On 18 November, the Council of Europe celebrates the European Day for the Protection of Children against Sexual Exploitation and Sexual Abuse.
Unfortunately, this problem persists. About one in five children in Europe are victims of some form of sexual violence before reaching the age of 18. This phenomenon is all the more alarming because, in the vast majority of cases, children are victims of people from their circle of trust.
The theme of the 2018 edition of the European Day is "the protection of children against sexual abuse in sport."
While sport is very beneficial for children and carries fundamental values, it can also involve specific hazards. First, children are in the presence of coaches or adults who influence them. Moreover, it creates risk situations, especially in locker rooms or during travel. Finally, an inequality situation between girls and boys and a culture of tolerance for physical suffering in sport can lead to the trivialization of inadmissible and traumatic practices.
Shame, guilt and sometimes fear, often lead an abused child to remain silent and in despair, sometimes for many years.
Therefore, it is essential that adults create a safe, rewarding and protective sporting environment for children. It is up to parents, coaches, sports associations and states to prevent abuse, protect children and help fight impunity.
In this perspective, we support the Council of Europe's Strategy for the Rights of the Child (2016-2021), including the priority area pursuing the goal of building a life free of violence for all children. We recall the commitments of the Member States as set out in the Guidelines on integrated national strategies for the protection of children against violence adopted on 18 November 2009 at the 1070th bis meeting of the Committee of Ministers (Recommendation CM/REC(2009)10).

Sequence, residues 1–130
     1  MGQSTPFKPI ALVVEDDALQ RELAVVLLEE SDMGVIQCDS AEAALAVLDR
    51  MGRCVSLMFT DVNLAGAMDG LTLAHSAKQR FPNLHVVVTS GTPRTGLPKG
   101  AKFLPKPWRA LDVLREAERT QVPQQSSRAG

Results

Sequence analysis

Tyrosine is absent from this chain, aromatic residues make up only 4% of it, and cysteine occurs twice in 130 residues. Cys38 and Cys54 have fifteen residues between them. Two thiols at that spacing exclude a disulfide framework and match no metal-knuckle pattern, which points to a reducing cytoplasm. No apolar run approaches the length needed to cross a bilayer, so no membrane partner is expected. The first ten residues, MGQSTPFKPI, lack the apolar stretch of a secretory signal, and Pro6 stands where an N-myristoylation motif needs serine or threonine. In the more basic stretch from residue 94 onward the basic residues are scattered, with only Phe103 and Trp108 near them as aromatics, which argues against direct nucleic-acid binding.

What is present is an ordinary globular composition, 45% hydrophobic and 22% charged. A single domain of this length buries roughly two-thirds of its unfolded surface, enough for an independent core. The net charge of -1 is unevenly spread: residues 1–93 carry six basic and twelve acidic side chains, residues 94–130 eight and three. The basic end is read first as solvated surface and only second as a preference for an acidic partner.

We welcome the success of the two Pro Safe Sport projects and the "Start to talk" initiative launched this year by the Council of Europe which specifically invites adults to give their voice to children to break the silence.
To respond to this call, we invite all States to launch this initiative at a national level and in particular:
• take concrete measures to prevent and respond to abuse,
• to put in place or improve protection frameworks, and
• organise training sessions or workshops on safe sport.
We also thank the Committee of the Parties to the Council of Europe Convention on the Protection of Children against Sexual Exploitation and Sexual Abuse for its important work and encourage all States to accede to the Lanzarote Convention.
Sport must be a source of fulfilment for children and a vector of values essential for life in society. Accordingly, we strongly reaffirm our commitment to making the Council of Europe standards fully effective to develop a safe sporting environment, eradicate the causes of such violence and put an end to impunity.